Sonia: Some of the backlash has come from chefs who think that the coffee at the restaurant is very good. That might be true.

Amanda: Yes, in their defense, yes. Many restaurants have great coffee.

Sonia: Of course. Many restaurants are attached to coffee shops, many restaurants also do a really good breakfast programs.

Amanda: Not all restaurants.

Daniel: Yeah. I think it’s fair to say though that a coffee shop is going to do coffee better than a restaurant because the restaurant is not a coffee shop.

Amanda: Often times that is correct. Yeah.

Daniel: Yeah. Also, it’s fun to do something, I think to expand on the move a little bit. Don’t look at a 45-minute wait at a brunch place as, “Shit. We have to wait 45 minutes to get our food.”

Sonia: That’s a chance to go get coffee.

Daniel: That’s an opportunity to socialize with the person or whoever, even if you’re on your own with yourself, in a different locale before doing the thing you’re excited about. Nothing makes me happier than showing up two hours early to a Batman movie that I’m really excited to see because that line waiting is like, “I know at the end of this there is a light,” which is not the case in every aspect of life.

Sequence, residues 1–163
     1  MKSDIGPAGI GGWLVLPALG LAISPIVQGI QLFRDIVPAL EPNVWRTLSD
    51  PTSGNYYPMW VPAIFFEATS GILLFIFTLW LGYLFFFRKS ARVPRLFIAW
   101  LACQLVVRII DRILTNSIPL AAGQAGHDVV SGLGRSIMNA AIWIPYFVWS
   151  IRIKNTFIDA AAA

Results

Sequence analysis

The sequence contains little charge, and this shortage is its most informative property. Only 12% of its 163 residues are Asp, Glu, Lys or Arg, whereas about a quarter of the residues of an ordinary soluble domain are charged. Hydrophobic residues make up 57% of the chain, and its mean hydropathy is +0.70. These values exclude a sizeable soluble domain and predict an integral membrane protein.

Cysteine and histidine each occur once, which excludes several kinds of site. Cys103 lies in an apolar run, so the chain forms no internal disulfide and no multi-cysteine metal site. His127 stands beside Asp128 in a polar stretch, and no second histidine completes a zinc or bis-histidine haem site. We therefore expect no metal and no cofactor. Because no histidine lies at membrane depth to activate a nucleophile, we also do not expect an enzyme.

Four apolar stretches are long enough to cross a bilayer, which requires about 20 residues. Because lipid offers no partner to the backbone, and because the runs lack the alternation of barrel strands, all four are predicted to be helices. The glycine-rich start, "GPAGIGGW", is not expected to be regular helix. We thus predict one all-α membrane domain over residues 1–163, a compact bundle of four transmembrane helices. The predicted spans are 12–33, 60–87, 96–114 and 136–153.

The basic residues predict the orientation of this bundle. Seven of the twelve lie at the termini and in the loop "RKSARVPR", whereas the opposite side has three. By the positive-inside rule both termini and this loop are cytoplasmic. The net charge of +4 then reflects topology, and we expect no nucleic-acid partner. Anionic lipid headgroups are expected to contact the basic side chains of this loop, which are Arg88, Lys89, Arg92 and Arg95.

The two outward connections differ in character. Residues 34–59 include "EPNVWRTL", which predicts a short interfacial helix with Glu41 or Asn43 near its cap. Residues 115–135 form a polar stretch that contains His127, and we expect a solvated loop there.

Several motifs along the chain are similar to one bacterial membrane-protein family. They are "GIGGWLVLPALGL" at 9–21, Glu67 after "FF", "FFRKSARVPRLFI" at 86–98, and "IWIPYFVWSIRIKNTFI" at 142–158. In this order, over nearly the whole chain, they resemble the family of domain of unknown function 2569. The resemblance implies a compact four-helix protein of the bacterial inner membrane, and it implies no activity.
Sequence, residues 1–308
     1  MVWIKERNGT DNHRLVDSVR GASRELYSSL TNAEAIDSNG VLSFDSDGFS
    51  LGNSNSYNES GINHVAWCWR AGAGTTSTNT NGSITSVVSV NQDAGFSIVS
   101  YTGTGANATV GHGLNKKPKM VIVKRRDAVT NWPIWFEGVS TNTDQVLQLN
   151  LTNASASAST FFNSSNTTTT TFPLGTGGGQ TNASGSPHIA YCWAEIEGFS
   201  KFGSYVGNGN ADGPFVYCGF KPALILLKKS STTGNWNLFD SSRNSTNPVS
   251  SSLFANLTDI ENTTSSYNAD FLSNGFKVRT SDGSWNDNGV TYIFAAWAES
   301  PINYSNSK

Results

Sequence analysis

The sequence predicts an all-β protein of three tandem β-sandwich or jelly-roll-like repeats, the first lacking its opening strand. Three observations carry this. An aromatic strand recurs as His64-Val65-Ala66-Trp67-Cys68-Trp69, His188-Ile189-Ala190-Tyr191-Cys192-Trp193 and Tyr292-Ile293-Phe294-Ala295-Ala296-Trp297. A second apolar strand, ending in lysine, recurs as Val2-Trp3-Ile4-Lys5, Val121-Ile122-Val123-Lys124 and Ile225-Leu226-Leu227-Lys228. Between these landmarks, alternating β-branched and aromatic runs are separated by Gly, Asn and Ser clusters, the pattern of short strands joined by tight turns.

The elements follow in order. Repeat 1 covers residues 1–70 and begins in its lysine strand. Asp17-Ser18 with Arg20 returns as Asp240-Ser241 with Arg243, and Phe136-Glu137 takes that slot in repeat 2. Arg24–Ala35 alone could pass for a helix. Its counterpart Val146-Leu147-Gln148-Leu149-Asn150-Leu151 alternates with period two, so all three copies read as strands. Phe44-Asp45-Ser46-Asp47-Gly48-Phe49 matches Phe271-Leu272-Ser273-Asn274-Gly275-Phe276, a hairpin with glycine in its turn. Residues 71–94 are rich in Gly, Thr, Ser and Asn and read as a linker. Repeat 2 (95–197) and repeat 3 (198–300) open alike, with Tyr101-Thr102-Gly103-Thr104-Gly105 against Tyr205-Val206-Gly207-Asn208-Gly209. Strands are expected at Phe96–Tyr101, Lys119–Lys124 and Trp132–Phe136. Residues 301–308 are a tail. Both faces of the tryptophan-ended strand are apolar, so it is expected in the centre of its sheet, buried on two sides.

Sonia: I don’t know if I can relate to that entirely.

Amanda: What other backlash have you seen?

Sonia: I think somebody called me elitist because I mentioned itineraries in the piece. So if I’m traveling ... You know I work in food so I’m often interested in going to a lot of different places. So if you know that you’re going to be waiting on for brunch, you can kind of plan it so that you can stop at a place for coffee on your way and then you can hit two of the restaurants that you want to go to instead of just hitting one for a meal. So maybe you get a pastry, maybe you just get coffee and then you have this lovely brunch somewhere else. So I don’t think a lot of people can relate to that if they don’t plan their trips around food the way that I do and I think many people that we know tend to do so that was an interesting perspective, although I don’t think I’m elitist.

Daniel: Can I bring another caveat and that is like diner coffee, obviously bad. I mean typically bad, right? It’s a separate kind of coffee. But it’s part of the meal. It’s like you get coffee and then it’s like, “Sweetheart, can I get you a refill.” That is a component of the diner experience.

Sonia: I don’t think people go to diners for brunch. I think they go to diners for breakfast. Yeah, so I would say that that is separate. I did get that point I think including from you yesterday and also from a few other people.